Plastic water bottles, beer and soda cans, food packaging, uneaten meals, random knick-knacks. Over the course of a multi-day music festival, as tens of thousands of people visit different stages to enjoy their favorite artists, these are some of the most common types of trash that fill up the garbage cans and cover the ground.
Massive music festivals like Coachella can generate up to 212,000 pounds of trash per day. And with thousands of music festivals happening around the world each year, the amount of waste generated by the industry can be enormous. But there are important steps that organizers can take to reduce their waste footprint.
Global Citizen Festival, for example, pursues net zero impact by reducing and offsetting emissions, improving composting and recycling, and enlisting sustainability volunteers to promote and educate about zero waste. (Stay tuned to learn more about our sustainability efforts at this year’s Global Citizen Festival: NYC and Global Citizen Festival: Accra.)
For Electric Zoo, taking place Sept. 2 through Sept. 4 on Randall’s Island in New York City, reducing waste is also built into the experience to ensure festival goers have an easy experience and the environmental impact is kept to a minimum. Starting in 2011, the festival took steps to scale its sustainability, when it introduced improved recycling and composting containers, phased out plastic water bottles and expanded water refill stations, required vendors to use compostable utensils and food containers, banned food sourced from factory farms, and promoted zero-emissions transportation.
The festival also enlists dozens of volunteers organized by longtime festival clean-up crew Clean Vibes to make sure the grounds are tidy throughout the event, waste is sorted properly on an ongoing basis, and items that can be recycled are done so properly.
Clean Vibes formed in 1997 in response to the lack of effective waste management at music festivals. If you’ve seen any of the Woodstock 1999 documentaries that have come out in recent years, you know how bad the problem was at some events, with trash and recycling capacity completely overwhelmed at times.
The company developed its approach at festivals for the jam band Phish and then branched out to other festivals such as Bonnaroo, Ultra, Panorama, and All Day I Dream, as well as other types of events. In addition to maximizing composting and recycling at sites, the team spends a lot of time educating festival-goers about the importance of environmentally beneficial waste management.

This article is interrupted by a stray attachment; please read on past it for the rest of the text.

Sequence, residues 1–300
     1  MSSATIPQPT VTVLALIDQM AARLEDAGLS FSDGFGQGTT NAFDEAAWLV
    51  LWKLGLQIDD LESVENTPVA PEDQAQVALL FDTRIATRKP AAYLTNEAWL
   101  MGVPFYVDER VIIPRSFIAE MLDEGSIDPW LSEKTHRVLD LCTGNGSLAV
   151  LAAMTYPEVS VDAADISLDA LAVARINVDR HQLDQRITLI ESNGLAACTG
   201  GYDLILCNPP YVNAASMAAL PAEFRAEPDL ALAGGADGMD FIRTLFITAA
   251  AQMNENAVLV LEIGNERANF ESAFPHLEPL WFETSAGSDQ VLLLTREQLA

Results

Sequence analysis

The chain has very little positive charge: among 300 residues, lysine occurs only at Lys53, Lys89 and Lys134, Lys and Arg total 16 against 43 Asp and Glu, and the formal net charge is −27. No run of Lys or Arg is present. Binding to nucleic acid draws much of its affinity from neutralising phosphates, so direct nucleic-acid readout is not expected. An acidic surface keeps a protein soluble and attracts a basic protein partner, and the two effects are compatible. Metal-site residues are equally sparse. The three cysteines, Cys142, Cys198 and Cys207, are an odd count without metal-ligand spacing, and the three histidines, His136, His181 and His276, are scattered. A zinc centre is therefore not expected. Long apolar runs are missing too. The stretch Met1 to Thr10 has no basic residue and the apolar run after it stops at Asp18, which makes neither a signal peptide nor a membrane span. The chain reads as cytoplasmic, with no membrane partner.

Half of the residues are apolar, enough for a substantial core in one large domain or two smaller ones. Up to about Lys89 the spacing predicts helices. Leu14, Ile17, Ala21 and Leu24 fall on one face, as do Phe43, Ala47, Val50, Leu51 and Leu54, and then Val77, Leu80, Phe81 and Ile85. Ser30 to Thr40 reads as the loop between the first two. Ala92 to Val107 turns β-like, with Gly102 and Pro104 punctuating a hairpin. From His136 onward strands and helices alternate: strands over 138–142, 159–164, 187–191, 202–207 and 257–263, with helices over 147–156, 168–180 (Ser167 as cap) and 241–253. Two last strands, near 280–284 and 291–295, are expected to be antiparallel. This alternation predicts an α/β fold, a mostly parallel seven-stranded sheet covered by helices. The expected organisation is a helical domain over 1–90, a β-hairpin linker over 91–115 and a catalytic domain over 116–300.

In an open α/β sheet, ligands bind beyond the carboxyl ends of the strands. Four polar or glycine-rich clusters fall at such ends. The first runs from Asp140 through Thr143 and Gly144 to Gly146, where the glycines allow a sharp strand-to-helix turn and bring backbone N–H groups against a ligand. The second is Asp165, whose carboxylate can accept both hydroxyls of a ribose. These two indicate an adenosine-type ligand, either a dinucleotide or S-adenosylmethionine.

“Our mission is to actively encourage and promote recycling, composting and proper waste disposal,” Clean Vibes notes on its website.
“We hope to educate and inspire a new generation of responsible stewards,” the group said. “Our goal is to divert waste from landfills by increasing the amount of material that is recycled and composted, thereby greatly reducing the ecological footprint of outdoor festivals and events.”
In 2019 alone, Clean Vibes worked 106 events and diverted 2.7 million pounds of waste from entering landfills. Over the course of its 25-year history, the organization has diverted more than 21 million pounds of waste.
Diverting waste by recycling and composting protects the global environment. Globally, countries generate billions of tons of solid waste annually and the vast majority of this garbage gets sent to landfills, dumped into bodies of water and landscapes, and burned at facilities. These methods of disposal not only pollute communities, causing myriad health problems, they also release greenhouse gas emissions into the atmosphere, fueling the climate crisis.
Music festivals are a concentrated microcosm of consumer culture and can become engines of pollution. But they can also become stewards of change by instilling values of sustainability.
Clean Vibes’ next stop, Electric Zoo, will feature dozens of top DJs and producers from throughout the electronic music scene, including John Summit, Porter Robinson, Tchami, Qrtr, Carl Cox, Vnssa, and many more, showing that the organizers are dedicated to musical excellence. By bringing the Clean Vibes team back for another year, it shows it’s dedicated to sustainability as well.
Global Citizen Festival is calling on world leaders, corporations, and philanthropists to do more than they’ve ever done before to End Extreme Poverty NOW. Through our global campaign and with stages in two iconic locations — NYC’s Central Park and Accra’s Black Star Square — we will unite leaders, artists, activists, and Global Citizens around the world on Sept. 24 to achieve an ambitious policy agenda focused on empowering girls and women, taking climate action, breaking systemic barriers, and lifting up activists and advocates. Wherever you are in the world, you can join the campaign and take action right now by downloading the Global Citizen app.